Dr. Paul Farmer, the Nobel-nominated founder
of Partners in Health and a world expert on making international aid work, had harsh words yesterday for the hundreds of charities trying to help Haiti recover from January's earthquake.
|via Wikimedia Commons|
"There's graffiti all over the walls in Port au Prince right now saying, 'Down with NGOs,'" Farmer said in a speech at Barry University. "I think people in the NGO sector need to read the writing on the wall."
Coming from a man like Farmer, that's advice sure to turn heads in Haiti. Way back in 1987, Farmer and several colleagues
founded Partners in Health, which provides free health care and drugs to Haiti's poorest residents. The group's model was so successful that it has since expanded to Rwanda, Russia, Peru and elsewhere.
Farmer, meanwhile, became the subject of a bestselling book -- 2003's Mountains Beyond Mountains
-- which was nominated for a Nobel Peace Prize
. He was named U.N. Special Envoy to Haiti.
In his speech yesterday, Farmer said that since the earthquake, too many NGOs in Haiti are worried more about staying in business than about creating sustainable solutions for Haitian people.
"In the end, that becomes the goal of the NGO -- self-preservation -- instead of whatever goals are spelled out in their grand mission statement," Farmer said to an audience filled with Haitian-American students and residents. "The Haitian people are seeing the money coming in, and the resources aren't coming to them. That discontent will only grow as the rainy season moves in."
In a wide-ranging speech, Farmer admitted that the post-quake work in Haiti swings a pendulum from "hope to dispair." He spoke of the dozens of friends and colleagues he's lost in the disaster and of the personal anguish of attending to so many brutal injuries.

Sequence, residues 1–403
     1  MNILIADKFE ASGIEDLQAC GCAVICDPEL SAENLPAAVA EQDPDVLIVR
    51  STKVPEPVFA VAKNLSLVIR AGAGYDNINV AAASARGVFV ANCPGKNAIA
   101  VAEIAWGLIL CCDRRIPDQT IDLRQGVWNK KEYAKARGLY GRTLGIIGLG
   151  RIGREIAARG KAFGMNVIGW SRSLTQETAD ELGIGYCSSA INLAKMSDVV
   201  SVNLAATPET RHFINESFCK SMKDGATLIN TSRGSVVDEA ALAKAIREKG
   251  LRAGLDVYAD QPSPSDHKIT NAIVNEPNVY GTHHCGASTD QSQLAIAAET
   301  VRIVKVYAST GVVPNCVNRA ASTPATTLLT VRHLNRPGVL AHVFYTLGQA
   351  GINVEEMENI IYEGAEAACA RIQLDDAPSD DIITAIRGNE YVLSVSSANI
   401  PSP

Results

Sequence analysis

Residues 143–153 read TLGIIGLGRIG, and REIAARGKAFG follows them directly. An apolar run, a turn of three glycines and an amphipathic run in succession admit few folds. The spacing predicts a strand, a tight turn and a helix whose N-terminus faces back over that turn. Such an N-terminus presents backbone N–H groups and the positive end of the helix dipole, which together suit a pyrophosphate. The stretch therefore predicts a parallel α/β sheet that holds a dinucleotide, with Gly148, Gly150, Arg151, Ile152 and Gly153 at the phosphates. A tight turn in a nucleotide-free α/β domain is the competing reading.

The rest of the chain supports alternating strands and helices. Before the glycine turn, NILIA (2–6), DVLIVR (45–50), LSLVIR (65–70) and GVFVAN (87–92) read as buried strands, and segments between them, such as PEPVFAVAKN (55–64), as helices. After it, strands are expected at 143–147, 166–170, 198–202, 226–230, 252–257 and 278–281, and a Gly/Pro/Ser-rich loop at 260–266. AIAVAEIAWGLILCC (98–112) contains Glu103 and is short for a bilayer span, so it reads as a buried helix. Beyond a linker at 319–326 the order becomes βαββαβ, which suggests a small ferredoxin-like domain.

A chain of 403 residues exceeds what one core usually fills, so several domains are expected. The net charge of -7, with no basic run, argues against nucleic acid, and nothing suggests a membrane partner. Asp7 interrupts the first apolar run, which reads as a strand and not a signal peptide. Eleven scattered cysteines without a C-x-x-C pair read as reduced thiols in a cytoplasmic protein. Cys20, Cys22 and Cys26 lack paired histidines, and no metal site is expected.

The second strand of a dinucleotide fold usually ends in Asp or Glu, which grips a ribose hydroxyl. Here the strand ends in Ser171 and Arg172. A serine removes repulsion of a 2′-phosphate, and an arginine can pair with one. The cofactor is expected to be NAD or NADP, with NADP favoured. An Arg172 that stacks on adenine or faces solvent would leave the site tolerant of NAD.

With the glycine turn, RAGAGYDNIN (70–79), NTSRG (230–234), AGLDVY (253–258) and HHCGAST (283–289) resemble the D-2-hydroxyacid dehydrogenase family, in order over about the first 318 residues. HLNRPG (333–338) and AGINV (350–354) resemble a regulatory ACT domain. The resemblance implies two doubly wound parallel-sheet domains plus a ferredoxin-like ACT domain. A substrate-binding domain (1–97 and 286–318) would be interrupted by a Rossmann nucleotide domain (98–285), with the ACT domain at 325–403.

But Farmer also offered solutions. He suggested refocusing on core missions, such as feeding the hungry, bringing clean water to the thirsty and burying the dead.
NGOs should also re-write their mission statements to make it clear that the biggest mission in Haiti needs to be creating long-term jobs for Haitians. Without a sustainable economy, none of the other relief work will matter, he says.
"If you can create several thousand jobs, you can change radically how the Haitian people will respond to their problems," he said. "They can make their own decisions."
Farmer also called for creative solutions to Haiti's problems. He mentioned traveling the country with Bill Clinton and confronting the problem of how to help the tens of thousands of seriously disabled earthquake victims.
Clinton, Farmer said, suggested creating a call center industry in Haiti and giving first priority jobs to the disabled.
"We should all have massive job creation as our primary goal," he said.